As a general rule, with slightly different emphases and terms, that's accepted across the left. There's your reason for the popular acceptance of scrounger discourse. However, it's a bit of a leap to say antipathy toward White Dee is a direct result of a disadvantageous class peace coupled with media brainwashing. What's missing is an intervening level of analysis, a realm of theoretical magnification that demonstrates how the general and the particular fit together the way that they do. We need to zoom right in and look at the microphysics of power, of the small, barely perceptible and sneaky ways power positions, flows and circulates through and around individual human beings. Michel Foucault is just the fella to help us out.

Foucault's body of work is the most useful and challenging to have come out of the French post-structuralist scene. Among his most lasting and substantive contributions is his critique of political theory and formulation of a new method of understanding power. You can find more on sex and power here, and some stuff on the relationship between Foucault and Marx. That's why Foucault here is getting the Noddy treatment.

Unlike traditional conceptions of power, where it is something to be wielded, to be imposed and imposing, as the capacity to force one will on another and compel them to do things, Foucault opposes this "negative" understanding with a positive, or productive reading of how it works. The difference between the two is starkly illustrated in the opening pages of his Discipline and Punish. The first example is a graphic description of the 1757 torture and drawing and quartering of one Robert-François Damiens, a criminal condemned to a grisly end for the attempted murder of Louis XV. Foucault juxtaposes this with a daily schedule taken from the Mettray penal colony less than a century later. This specifies a rigid timetable of activities, when inmates should be in their cells, etc. For Foucault, these typify the shift power in early modern France had undergone. In the first, it speaks of a situation where power is deposited in the body of the sovereign - the monarch. Therefore Damiens' fate is to be ripped apart, for vengeance to be violently and publicly wreaked upon it so that the sovereign's (social) body is recuperated by a display of his power. Reading the scene demonstrates how power works, that it is the prerogative and property of the sovereign, that his person is pre-eminent before all others. The second is suggestive of an entirely different operation of power. Here, the society, the social body is sovereign, that each individual carries with them a particulate of that sovereignty. And to recuperate its body, rather than obliterate those who offend against it society is concerned with punishing and disciplining its convicts, of rehabilitating them so they can be re-absorbed into the social body as productive, law-abiding citizens.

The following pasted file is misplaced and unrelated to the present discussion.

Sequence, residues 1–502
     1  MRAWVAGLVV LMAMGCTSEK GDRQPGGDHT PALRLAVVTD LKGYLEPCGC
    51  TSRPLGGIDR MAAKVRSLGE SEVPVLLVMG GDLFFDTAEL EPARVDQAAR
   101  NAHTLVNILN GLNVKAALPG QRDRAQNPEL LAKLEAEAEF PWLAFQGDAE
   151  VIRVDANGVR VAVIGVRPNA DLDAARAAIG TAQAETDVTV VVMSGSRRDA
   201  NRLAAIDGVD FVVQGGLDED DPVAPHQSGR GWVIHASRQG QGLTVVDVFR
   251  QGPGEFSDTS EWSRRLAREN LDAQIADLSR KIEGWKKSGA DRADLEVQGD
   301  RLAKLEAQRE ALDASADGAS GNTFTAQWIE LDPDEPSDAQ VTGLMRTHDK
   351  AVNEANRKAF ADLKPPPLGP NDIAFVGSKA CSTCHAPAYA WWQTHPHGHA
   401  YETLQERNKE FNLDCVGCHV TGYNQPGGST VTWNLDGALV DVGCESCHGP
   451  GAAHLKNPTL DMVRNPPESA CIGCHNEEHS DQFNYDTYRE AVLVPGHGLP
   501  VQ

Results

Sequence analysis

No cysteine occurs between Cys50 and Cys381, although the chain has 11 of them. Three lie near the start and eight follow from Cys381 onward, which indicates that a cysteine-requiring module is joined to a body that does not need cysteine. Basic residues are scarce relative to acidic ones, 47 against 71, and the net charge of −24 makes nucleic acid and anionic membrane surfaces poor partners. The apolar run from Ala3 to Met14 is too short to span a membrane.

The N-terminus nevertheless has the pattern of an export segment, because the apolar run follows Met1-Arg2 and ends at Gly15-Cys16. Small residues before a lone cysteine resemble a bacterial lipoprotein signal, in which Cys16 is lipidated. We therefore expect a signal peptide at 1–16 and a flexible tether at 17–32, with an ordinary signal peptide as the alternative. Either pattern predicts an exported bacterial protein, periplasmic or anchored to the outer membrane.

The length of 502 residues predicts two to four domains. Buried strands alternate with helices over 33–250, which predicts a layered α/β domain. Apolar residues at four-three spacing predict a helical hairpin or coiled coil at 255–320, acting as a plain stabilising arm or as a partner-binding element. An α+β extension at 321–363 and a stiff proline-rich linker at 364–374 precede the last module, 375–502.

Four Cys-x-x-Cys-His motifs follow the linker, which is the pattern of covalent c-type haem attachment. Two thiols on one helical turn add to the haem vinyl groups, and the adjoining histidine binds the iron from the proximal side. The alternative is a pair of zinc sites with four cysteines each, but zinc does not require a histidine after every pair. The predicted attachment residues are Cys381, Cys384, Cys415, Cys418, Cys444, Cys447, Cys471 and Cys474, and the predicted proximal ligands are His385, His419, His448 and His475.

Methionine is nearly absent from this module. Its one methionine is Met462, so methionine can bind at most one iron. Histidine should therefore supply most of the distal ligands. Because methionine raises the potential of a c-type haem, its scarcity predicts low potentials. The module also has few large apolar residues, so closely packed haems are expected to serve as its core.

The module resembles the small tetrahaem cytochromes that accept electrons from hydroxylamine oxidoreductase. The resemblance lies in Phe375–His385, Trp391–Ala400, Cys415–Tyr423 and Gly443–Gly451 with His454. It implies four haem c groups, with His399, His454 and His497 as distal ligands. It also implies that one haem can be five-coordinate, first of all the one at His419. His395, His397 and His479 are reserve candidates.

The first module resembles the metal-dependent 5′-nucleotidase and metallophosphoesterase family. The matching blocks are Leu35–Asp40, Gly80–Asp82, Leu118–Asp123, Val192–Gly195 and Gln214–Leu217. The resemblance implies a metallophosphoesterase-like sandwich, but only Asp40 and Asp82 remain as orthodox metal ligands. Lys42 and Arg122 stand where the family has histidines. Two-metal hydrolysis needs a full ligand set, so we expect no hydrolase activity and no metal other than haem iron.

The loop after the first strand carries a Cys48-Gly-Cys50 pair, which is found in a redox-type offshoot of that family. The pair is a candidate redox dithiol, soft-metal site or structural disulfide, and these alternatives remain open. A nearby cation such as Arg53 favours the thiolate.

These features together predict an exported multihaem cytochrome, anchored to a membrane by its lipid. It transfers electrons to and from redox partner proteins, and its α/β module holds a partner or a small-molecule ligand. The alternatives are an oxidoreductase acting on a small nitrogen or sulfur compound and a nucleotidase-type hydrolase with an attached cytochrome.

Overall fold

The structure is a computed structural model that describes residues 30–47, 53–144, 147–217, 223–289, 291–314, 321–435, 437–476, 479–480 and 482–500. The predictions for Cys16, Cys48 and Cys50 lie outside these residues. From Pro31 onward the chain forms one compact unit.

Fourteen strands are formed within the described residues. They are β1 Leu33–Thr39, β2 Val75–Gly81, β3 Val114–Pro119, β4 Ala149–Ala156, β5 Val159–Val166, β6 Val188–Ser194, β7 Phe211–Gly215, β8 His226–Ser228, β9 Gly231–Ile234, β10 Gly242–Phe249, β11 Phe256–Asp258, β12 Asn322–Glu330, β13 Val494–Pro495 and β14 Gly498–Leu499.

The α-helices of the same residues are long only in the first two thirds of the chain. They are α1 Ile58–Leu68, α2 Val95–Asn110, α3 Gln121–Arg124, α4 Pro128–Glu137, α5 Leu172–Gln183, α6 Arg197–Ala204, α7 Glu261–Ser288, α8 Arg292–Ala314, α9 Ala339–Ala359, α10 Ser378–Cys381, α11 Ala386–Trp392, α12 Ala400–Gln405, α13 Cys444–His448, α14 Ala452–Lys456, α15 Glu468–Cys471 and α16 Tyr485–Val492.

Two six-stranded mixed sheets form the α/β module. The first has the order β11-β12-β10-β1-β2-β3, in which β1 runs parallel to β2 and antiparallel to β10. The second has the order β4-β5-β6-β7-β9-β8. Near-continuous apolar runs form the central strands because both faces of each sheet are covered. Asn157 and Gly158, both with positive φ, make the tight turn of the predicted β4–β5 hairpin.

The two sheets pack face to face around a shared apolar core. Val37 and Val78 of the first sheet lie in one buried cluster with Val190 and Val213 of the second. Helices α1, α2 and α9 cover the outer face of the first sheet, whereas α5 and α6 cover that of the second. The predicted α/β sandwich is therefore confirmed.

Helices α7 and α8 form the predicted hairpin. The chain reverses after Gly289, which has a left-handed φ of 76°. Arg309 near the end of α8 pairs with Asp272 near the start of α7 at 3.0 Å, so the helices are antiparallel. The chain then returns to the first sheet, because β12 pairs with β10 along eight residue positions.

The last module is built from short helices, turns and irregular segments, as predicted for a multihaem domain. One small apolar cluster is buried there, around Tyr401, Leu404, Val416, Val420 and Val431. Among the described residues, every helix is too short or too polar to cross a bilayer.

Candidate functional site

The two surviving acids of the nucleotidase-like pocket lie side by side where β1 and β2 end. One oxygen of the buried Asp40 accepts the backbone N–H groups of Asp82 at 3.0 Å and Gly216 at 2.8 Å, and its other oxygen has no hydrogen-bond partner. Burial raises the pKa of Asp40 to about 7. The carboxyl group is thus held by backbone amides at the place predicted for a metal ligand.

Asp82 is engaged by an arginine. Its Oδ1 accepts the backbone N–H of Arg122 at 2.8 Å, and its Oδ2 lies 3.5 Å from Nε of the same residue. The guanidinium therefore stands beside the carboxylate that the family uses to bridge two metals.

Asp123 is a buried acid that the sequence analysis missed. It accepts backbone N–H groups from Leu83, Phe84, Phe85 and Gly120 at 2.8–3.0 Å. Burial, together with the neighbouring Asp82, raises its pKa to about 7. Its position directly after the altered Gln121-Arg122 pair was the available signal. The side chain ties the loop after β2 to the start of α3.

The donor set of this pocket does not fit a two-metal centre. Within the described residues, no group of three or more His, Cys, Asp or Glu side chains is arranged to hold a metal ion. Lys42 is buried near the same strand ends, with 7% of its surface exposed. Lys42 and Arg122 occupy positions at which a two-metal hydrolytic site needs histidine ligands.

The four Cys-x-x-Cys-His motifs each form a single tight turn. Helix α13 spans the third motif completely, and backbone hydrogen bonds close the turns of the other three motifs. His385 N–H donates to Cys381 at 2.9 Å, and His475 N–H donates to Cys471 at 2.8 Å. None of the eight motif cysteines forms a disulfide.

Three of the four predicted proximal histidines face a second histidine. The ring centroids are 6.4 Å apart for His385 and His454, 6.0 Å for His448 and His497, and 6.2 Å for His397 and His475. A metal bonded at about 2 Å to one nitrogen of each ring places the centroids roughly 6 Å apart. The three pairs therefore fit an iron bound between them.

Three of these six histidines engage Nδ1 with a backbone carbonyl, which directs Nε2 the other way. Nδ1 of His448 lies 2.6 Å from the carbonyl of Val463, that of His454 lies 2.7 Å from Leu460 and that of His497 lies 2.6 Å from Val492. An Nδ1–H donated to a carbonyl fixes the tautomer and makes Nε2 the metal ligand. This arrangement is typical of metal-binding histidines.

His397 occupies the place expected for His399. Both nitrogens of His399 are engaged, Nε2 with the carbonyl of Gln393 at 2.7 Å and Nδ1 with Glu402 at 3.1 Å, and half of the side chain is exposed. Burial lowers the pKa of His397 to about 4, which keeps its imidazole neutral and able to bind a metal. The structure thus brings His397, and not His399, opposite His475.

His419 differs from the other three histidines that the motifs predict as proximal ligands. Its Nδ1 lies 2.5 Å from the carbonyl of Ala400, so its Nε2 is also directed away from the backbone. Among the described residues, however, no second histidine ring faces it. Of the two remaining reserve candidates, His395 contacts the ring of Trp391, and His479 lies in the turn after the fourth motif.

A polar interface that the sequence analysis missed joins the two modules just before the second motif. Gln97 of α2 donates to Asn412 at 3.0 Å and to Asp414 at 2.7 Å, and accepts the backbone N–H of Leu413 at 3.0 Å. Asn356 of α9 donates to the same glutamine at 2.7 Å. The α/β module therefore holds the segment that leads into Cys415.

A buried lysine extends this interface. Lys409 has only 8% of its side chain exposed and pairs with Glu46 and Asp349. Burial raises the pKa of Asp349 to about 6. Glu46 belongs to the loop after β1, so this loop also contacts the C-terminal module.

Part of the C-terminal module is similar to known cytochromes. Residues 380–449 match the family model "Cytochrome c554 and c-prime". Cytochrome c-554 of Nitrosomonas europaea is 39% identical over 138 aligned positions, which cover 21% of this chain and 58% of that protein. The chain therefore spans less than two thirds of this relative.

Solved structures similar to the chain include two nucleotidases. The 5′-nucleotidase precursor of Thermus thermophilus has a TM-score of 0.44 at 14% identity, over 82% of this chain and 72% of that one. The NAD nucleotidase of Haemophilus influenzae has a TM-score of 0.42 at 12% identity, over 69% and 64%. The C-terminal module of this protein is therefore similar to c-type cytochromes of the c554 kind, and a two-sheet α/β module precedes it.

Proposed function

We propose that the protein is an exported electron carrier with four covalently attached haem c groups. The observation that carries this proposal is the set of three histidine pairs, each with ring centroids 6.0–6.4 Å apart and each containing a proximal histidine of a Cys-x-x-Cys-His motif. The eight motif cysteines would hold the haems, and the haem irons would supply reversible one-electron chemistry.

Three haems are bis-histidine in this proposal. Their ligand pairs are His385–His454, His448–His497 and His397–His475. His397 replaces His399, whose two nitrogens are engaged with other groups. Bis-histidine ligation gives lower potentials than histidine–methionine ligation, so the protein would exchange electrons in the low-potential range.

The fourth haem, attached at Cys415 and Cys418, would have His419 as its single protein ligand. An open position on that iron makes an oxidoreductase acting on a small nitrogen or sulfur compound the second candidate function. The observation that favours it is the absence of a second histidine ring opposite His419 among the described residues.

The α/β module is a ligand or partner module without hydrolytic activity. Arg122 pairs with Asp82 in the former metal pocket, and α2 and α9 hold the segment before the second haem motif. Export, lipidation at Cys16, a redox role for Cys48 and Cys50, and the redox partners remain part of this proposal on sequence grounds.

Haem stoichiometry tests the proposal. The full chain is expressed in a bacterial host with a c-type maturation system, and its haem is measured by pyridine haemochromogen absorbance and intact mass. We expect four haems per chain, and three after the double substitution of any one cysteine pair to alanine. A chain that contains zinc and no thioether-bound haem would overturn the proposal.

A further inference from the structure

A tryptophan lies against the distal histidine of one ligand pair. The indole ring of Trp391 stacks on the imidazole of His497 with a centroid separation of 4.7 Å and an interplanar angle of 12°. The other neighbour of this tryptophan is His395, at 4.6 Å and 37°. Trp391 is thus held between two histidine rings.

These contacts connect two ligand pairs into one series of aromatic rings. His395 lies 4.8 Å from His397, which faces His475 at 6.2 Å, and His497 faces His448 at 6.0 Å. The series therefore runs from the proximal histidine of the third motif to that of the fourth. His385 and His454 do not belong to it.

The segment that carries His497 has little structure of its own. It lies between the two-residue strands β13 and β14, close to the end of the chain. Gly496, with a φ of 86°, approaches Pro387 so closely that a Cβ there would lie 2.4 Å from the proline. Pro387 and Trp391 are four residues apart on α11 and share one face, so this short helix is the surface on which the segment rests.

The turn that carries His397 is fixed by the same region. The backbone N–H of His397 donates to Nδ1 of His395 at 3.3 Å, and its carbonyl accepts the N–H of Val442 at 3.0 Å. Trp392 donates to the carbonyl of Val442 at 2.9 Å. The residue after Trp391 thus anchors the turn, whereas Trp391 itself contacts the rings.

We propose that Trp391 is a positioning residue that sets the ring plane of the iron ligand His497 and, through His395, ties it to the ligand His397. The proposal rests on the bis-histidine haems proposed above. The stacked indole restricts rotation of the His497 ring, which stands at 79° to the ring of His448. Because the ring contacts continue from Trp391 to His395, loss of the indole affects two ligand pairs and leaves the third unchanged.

Here, in his early work on madness and subsequent treatment of sexuality, his interest is in how power "makes" subjects. The prison is the place where political technologies of the body came together and were refined. To rehabilitate criminals a variety of means were introduced and repeated. The regimentation of the day, the emphasis on prison labour, drills, the possibility of perpetual surveillance, these technologies aimed to discipline the criminal body, to create a docile but productive subjectivity through the routine and observation. For the authorities, it was an opportunity to experiment with new techniques, to develop panoptic architecture for incarceration . Hence, at one level of remove, it required the prisoner to collude, to adapt to the regimen as if it was their common sense, to submit. This for Foucault is key to his microphysics of productive power - it flows relationally, positions people, manipulates bodies, creates souls.

Foucault isn't Michael Howard though. He knew prison didn't work. After all, where there's power there's always resistance. But on paper, these techniques of the body, these political technologies were extremely attractive to anyone who had to manage groups of people. From emerging nation states and their population management problematic, to schools, workplaces, hospitals, barracks, disciplinary power was embraced. It inscribed itself on the internal lay out of class rooms, workshops, offices, wards, and was elaborated wherever there was a problem to be "managed". Or, to put it in Foucauldian terms, the will to management articulated the problem, such as sexuality. Think about it, think how authority, the possibility of surveillance, and self-surveillance club together to inculcate specific organisational subjectivities across a range of institutions and walks of life. The diffuse capillaries of power would like you to love Big Brother, but acting as if you do will suffice.